Eleanor Dross is getting a little weary of her life. School, as always, is terrible. She has only one friend, and while Mack is the best, she could do without everyone else ignoring her or worse. Her grades? Let’s not talk about it. And home life, it’s fine, but nothing to, well, write home about. Her recently widowed dad is doing his best. And they have Grandpa Joe to help out too. But Joe is a “prepper” – that is to say, he’s most excited getting ready for the end of days. Eleanor used to enjoy the random drills Grandpa would run with her and her younger brothers. But now they’re a bit of a chore, and her bug-out-bag is usually a mess. Now Mack is talking about switching to a specialized school for other blind kids like himself, and Eleanor feels like the world is crumbling around her.
One night when she is searching for some funny “end of the world” memes to send to Grandpa Joe, she discovers news that the world might ACTUALLY be crumbling around her – and soon. She stumbles on a website hosted by a Harvard scientist who reports that an asteroid is on track to hit Earth by early spring, and all of his calculations have led to a bleak outlook. Eleanor is initially just curious, but as she spends more time on the website (and with some encouragement from Grandpa Joe), she becomes intent on making sure her friends and family are prepared for the upcoming apocalypse. Mack is on board, of course Grandpa Joe is too – her dad is another story, but he’s always been frustrated by Joe’s survivalist zeal so that’s not surprising. Eleanor and Mack start an after-school club that they coyly call Nature Club, but it’s all about prepping. Their small group grows in size, and even brings in Eleanor’s nemesis, basketball star Londyn Diggs. As the days count down, Eleanor has to decide for herself how many people she wants to save – and how to convince her skeptical father that their days are numbered.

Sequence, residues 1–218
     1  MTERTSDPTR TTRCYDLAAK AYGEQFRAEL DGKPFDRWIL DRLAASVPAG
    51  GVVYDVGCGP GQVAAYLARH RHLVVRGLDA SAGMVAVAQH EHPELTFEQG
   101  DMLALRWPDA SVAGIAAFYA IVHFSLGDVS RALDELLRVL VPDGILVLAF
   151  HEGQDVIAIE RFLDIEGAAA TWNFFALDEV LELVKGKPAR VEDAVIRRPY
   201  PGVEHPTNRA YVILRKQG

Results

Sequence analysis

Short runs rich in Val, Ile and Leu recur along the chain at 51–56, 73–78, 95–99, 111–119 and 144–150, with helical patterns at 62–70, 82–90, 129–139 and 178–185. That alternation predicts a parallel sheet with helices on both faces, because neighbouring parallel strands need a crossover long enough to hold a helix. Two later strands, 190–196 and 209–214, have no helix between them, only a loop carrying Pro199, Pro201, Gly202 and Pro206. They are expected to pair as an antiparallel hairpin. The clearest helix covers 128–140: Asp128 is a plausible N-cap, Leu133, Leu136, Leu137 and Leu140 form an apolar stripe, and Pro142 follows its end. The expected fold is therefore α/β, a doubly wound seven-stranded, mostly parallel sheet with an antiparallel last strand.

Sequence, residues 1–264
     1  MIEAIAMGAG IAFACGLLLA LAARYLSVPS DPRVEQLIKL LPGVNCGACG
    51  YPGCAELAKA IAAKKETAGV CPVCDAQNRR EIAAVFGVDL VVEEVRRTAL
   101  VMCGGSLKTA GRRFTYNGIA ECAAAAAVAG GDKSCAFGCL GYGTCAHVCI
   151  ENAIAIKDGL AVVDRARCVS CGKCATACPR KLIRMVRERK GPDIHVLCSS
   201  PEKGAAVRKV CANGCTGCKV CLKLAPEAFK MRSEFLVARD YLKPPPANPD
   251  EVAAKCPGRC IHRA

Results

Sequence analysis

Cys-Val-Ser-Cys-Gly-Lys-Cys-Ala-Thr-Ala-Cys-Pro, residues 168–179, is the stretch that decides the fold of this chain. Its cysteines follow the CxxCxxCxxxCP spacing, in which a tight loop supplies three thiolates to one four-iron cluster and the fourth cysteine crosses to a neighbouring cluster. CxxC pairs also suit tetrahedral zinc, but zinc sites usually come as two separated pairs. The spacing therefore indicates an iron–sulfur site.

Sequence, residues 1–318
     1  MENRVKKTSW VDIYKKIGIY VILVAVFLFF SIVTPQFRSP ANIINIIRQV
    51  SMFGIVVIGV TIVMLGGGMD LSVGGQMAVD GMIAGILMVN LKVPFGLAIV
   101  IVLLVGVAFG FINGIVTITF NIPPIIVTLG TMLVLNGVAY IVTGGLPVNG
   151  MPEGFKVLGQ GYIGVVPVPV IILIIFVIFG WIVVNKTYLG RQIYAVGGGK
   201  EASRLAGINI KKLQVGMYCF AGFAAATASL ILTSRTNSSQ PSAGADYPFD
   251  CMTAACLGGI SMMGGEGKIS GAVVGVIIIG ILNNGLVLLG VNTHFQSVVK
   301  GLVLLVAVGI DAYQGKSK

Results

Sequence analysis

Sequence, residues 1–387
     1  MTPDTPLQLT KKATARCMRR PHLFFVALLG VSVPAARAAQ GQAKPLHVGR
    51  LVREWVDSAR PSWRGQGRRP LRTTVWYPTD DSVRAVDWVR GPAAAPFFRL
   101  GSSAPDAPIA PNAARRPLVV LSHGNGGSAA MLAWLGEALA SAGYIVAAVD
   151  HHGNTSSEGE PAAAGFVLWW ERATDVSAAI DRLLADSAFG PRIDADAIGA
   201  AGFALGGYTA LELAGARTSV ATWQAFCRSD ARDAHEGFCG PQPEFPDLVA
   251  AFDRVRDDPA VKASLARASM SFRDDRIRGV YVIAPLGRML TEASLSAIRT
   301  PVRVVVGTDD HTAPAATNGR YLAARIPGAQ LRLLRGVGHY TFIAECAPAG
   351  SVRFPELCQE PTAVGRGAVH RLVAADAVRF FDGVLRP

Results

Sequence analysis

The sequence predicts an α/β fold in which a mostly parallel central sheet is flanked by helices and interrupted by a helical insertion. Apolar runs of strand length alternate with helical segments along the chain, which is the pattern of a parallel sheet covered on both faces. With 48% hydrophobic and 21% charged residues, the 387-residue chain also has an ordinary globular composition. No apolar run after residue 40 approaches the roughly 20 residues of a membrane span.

I find this to be the perfect middle school book! The plotline of an upcoming doomsday weaves perfectly in with the feeling you have when you’re nearing high school and everything is changing. The characters in the book are all delightful, from Mack’s predilection for funny accents and keeping positive, to Londyn’s athlete-meets-rock-star vibes, to Grandpa Joe’s eagerness to connect with his grandkids on an apocalyptic level, to Eleanor, who is just trying to survive in more ways than one. I love the conflict between Eleanor’s dad and grandfather – it seems like a very realistic struggle that could happen with a single dad and his own interfering father. It would be a great book for a school curriculum, with its plot points around asteroids, reliable information sources, and survivalism – but it wouldn’t be a drag for kids to read. It’s light enough for younger middle schoolers, but juicy enough for older ones. I highly recommend it for tween readers or anyone who enjoys a potential-end-of-the-world drama.